Objectives: To estimate the risk of lymphoma among farmers in Spain.
Methods: This is a multicentre case control study conducted in Spain. Cases were subjects diagnosed with lymphoma according to the World Health Organization (WHO) classification in four hospitals between 1998–2002. Hospital controls were frequency matched to the cases by sex, age, and centre. All subjects were interviewed about jobs ever held in lifetime for at least one year and the exposures in those jobs were recorded. The risk of lymphomas among subjects ever having had a job as a farmer was compared with all other occupations. Farmers were analysed according to the type of farming job performed: crop farming, animal farming, and general farming. Occupational exposure was summarised into 15 main categories: organic dust, radiation, contact with animals, PAH, non-arsenic pesticides (carbamates, organophosphates, chlorinated hydrocarbons, triazines and triazoles, phenoxy herbicides, chlorophenols, dibenzodioxin, and dibenzofuran), arsenic pesticides, contact with meat, contact with children, solvents, asbestos, soldering fumes, organic colourants, polychlorinated biphenyls, ethylene oxide, and hair dyes.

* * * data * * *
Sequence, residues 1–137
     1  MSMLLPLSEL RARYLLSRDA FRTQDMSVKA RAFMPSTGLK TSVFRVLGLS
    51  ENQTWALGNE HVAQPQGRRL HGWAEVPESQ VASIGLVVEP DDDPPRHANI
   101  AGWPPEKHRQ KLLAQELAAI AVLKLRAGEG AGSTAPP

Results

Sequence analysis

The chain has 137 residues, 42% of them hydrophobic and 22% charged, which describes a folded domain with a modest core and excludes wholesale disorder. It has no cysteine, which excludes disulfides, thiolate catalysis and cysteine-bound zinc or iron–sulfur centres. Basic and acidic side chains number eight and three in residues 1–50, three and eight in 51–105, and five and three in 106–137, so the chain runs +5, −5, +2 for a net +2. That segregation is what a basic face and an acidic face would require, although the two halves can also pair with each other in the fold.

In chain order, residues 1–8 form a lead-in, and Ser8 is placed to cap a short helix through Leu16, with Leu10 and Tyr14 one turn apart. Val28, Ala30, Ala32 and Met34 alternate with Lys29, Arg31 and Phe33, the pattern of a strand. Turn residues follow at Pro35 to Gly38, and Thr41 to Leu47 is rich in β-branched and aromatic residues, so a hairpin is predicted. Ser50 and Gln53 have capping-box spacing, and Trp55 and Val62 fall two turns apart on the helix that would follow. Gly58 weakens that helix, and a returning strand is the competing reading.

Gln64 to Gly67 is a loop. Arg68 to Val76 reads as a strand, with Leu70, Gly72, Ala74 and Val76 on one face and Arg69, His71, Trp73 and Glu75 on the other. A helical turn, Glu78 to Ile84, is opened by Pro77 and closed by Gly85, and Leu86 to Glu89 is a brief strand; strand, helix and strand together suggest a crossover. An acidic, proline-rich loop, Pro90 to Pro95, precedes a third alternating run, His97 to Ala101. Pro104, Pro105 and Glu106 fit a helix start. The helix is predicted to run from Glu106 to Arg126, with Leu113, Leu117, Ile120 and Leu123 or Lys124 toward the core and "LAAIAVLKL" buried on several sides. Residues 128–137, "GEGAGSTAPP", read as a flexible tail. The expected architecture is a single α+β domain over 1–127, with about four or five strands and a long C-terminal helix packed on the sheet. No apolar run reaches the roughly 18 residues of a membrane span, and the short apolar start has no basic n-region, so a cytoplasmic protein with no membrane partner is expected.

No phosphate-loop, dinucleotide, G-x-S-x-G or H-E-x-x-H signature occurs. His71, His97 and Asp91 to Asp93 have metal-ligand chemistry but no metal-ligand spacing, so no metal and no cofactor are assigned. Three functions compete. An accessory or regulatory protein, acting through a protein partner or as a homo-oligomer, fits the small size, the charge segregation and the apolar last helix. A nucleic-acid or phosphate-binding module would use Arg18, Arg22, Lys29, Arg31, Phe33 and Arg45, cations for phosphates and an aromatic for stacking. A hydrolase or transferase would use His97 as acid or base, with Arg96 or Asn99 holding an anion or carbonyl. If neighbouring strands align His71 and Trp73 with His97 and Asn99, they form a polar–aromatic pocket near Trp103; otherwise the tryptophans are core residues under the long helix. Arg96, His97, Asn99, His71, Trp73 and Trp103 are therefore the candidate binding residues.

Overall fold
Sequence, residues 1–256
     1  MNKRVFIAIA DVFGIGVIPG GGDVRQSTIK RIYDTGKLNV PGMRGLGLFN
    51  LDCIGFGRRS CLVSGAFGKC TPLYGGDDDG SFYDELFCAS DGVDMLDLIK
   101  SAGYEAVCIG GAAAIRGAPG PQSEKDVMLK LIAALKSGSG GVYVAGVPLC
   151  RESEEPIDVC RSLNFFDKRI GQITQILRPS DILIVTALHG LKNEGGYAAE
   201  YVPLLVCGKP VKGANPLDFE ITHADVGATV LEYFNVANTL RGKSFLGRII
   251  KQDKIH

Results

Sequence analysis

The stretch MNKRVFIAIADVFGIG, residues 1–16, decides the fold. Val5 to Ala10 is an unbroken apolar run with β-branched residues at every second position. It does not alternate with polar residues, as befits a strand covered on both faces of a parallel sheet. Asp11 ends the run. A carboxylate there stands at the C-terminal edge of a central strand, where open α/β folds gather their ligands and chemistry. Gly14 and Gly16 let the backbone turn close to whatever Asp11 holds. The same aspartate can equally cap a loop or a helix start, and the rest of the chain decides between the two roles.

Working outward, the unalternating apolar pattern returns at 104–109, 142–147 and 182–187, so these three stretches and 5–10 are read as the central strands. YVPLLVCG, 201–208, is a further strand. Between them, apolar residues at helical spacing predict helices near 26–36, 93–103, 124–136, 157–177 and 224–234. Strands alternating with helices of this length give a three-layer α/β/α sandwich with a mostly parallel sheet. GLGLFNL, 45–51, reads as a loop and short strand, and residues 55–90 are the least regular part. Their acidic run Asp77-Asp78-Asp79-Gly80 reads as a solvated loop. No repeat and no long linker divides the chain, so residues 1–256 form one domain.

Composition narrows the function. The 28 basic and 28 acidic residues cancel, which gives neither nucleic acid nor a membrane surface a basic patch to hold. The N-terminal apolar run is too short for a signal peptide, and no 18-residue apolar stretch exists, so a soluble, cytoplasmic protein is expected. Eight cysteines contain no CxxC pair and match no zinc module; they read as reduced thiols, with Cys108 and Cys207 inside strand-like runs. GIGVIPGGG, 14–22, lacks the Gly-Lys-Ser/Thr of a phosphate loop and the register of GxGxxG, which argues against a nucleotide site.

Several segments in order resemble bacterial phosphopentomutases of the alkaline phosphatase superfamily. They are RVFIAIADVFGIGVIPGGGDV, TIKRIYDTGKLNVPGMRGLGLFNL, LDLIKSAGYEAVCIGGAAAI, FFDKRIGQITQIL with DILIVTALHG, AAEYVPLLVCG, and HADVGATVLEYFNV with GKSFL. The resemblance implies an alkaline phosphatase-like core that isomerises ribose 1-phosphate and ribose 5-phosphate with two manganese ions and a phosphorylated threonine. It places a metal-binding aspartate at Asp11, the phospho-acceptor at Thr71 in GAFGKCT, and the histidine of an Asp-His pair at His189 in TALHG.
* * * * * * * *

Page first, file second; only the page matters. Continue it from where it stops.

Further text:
Results: Although farmers were not at an increased risk of lymphoma as compared with all other occupations, farmers exposed to non-arsenic pesticides were found to be at increased risk of lymphoma (OR = 1.8, 95% CI 1.1 to 2). This increased risk was observed among farmers working exclusively either as crop farmers or as animal farmers (OR = 2.8, 95% CI 1.3 to 5.8). Risk was highest for exposure to non-arsenic pesticides for over nine years (OR = 2.4, 95% CI 1.2 to 2.8).
Conclusions: Long term exposure to non-arsenic pesticides may induce lymphomagenesis among farmers.
- NHL, non-Hodgkin’s lymphoma
- PCB, polychlorinated biphenyl
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Published Online First 6 June 2006
Competing interests: none.